Jayavarman I (Khmer: ជ័យវរ្ម័នទី១) ruled the pre-Angkor realm known by the Chinese as Chenla (or Zhenla), one of the predecessor polities of the Angkor Empire.
Jayavarman means "victorious protector". "Jaya" literally means "victorious", and "varman", a suffix used in the reign-names of the overlords of Funan and Chenla, and throughout Cambodian history, means “armour”; hence, “protection”.
The great-grandson of Isanavarman I, he succeeded his father Candravarman and ruled from approximately 657 until after 690. His palace was located at Purandarapura, at the northern end of the Tonle Sap.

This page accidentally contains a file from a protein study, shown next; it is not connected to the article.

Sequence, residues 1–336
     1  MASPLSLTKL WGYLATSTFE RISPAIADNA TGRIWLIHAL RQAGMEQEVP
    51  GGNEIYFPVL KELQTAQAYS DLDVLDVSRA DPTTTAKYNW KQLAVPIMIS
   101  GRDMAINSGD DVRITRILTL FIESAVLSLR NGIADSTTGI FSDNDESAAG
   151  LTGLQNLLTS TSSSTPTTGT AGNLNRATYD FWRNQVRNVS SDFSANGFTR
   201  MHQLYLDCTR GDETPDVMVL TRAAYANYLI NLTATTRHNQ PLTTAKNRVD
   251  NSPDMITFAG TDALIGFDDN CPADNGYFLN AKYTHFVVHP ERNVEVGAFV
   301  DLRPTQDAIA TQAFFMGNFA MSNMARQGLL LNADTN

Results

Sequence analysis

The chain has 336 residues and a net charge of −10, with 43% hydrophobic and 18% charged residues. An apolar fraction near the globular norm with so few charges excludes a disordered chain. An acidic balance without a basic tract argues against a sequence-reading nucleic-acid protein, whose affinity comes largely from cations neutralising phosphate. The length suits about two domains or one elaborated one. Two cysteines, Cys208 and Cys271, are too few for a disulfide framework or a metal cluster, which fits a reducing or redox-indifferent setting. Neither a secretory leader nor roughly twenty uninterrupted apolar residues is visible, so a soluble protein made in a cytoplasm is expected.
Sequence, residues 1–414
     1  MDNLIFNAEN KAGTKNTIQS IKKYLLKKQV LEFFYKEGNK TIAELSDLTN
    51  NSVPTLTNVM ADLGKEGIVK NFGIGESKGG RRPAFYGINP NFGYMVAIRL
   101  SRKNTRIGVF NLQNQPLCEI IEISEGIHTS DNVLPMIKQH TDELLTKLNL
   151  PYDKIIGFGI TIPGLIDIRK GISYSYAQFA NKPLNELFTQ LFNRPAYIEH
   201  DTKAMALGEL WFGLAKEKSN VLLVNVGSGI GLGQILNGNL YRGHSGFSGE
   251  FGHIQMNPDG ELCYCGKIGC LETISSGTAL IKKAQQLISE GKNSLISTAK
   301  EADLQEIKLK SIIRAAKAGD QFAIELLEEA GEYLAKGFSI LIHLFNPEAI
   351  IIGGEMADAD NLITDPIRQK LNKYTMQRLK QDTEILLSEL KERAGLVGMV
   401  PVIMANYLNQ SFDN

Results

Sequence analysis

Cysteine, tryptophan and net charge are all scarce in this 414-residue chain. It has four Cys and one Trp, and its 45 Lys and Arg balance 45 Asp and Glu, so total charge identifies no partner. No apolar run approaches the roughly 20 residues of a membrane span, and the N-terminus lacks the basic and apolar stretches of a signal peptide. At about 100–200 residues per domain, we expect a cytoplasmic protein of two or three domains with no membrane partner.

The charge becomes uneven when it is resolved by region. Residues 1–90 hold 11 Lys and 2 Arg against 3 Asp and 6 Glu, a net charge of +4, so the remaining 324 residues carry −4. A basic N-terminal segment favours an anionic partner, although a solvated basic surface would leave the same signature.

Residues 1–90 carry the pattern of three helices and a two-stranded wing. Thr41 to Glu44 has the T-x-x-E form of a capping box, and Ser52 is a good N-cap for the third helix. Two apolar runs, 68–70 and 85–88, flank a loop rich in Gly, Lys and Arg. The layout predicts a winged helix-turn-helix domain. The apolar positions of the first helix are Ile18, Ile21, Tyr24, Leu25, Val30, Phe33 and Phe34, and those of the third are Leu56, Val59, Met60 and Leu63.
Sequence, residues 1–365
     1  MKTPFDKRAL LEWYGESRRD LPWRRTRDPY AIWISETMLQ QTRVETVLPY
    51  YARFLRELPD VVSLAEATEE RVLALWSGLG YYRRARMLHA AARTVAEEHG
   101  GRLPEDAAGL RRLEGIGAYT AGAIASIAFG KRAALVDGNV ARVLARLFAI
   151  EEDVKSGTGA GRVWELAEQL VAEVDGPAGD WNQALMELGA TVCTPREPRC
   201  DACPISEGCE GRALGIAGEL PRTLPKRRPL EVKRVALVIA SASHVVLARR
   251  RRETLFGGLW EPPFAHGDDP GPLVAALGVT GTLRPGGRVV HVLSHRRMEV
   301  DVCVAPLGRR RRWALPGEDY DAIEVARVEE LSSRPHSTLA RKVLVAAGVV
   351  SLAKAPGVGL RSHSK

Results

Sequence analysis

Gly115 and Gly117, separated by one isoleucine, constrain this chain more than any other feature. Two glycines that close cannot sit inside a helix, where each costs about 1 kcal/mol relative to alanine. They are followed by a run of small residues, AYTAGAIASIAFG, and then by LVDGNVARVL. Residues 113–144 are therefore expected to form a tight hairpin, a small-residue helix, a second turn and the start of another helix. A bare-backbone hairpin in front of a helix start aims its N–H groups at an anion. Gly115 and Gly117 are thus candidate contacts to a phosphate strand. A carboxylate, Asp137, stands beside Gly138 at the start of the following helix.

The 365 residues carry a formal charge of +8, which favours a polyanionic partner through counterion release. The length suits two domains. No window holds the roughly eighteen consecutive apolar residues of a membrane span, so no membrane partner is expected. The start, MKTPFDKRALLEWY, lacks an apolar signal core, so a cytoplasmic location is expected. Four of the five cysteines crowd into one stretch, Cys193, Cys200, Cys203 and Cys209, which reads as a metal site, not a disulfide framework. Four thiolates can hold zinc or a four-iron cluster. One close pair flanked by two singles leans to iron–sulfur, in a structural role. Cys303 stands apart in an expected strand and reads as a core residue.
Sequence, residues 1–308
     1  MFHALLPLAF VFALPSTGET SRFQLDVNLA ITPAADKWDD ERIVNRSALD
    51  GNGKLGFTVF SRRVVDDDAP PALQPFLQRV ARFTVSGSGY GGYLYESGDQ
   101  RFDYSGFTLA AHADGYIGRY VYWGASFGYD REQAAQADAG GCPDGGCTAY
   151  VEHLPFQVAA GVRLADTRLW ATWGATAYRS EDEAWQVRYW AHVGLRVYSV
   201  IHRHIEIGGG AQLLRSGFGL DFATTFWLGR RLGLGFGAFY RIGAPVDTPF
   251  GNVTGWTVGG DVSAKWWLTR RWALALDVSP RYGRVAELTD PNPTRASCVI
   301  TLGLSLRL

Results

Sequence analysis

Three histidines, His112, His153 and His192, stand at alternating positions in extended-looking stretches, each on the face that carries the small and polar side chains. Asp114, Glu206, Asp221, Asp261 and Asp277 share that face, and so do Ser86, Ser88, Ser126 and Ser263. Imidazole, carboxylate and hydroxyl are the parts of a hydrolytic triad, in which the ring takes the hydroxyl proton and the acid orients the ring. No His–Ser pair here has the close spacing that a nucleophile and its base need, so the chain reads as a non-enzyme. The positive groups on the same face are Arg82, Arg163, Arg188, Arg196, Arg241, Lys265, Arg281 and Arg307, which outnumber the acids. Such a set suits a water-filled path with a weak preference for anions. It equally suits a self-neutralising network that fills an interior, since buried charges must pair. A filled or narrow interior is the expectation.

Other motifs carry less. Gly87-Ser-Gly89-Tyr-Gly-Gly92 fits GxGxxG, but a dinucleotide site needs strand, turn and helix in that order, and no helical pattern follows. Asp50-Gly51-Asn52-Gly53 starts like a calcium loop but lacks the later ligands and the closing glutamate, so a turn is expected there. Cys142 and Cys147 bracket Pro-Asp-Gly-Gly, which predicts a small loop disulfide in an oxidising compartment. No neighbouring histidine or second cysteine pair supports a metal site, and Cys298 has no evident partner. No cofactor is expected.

Over the course of his reign, and that of his predecessors Bhavavarman II and Candravarman, the Khmer kings' power began to be consolidated in the areas previously controlled by the Funan culture, but there was much fighting among local overlords who ruled different parts of Cambodia.
Jayavarman I left no male heirs, and his daughter, Jayadevi, succeeded him as queen (she was the only ancient Khmer queen). He was grandfather to Harshavarman I (reign 910 – 923).